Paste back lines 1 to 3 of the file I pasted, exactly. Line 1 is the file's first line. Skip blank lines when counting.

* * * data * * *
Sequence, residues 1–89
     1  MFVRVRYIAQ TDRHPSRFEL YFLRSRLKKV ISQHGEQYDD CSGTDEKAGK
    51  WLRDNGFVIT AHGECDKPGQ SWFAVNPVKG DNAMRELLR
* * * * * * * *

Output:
Sequence, residues 1–89
     1  MFVRVRYIAQ TDRHPSRFEL YFLRSRLKKV ISQHGEQYDD CSGTDEKAGK
    51  WLRDNGFVIT AHGECDKPGQ SWFAVNPVKG DNAMRELLR